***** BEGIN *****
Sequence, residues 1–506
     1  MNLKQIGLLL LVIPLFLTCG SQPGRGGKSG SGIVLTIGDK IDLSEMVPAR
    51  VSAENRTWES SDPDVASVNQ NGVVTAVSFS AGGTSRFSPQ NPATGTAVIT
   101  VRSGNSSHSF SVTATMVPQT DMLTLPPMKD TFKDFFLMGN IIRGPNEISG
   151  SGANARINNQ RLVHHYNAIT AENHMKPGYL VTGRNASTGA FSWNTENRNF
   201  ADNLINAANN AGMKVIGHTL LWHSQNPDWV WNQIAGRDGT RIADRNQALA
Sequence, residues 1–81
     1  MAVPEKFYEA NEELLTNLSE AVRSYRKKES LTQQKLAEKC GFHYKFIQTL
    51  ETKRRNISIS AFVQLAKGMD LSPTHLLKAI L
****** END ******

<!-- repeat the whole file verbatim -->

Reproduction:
Sequence, residues 1–506
     1  MNLKQIGLLL LVIPLFLTCG SQPGRGGKSG SGIVLTIGDK IDLSEMVPAR
    51  VSAENRTWES SDPDVASVNQ NGVVTAVSFS AGGTSRFSPQ NPATGTAVIT
   101  VRSGNSSHSF SVTATMVPQT DMLTLPPMKD TFKDFFLMGN IIRGPNEISG
   151  SGANARINNQ RLVHHYNAIT AENHMKPGYL VTGRNASTGA FSWNTENRNF
   201  ADNLINAANN AGMKVIGHTL LWHSQNPDWV WNQIAGRDGT RIADRNQALA
Sequence, residues 1–81
     1  MAVPEKFYEA NEELLTNLSE AVRSYRKKES LTQQKLAEKC GFHYKFIQTL
    51  ETKRRNISIS AFVQLAKGMD LSPTHLLKAI L